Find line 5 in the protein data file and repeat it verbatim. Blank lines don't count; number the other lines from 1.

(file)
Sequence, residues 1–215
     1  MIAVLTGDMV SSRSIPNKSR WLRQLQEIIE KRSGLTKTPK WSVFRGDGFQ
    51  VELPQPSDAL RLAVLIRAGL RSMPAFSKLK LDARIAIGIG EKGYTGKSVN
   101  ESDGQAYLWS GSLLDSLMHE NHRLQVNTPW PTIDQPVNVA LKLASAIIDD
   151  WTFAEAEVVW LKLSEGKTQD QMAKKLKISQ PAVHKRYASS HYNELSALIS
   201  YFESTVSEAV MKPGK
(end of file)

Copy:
   151  WTFAEAEVVW LKLSEGKTQD QMAKKLKISQ PAVHKRYASS HYNELSALIS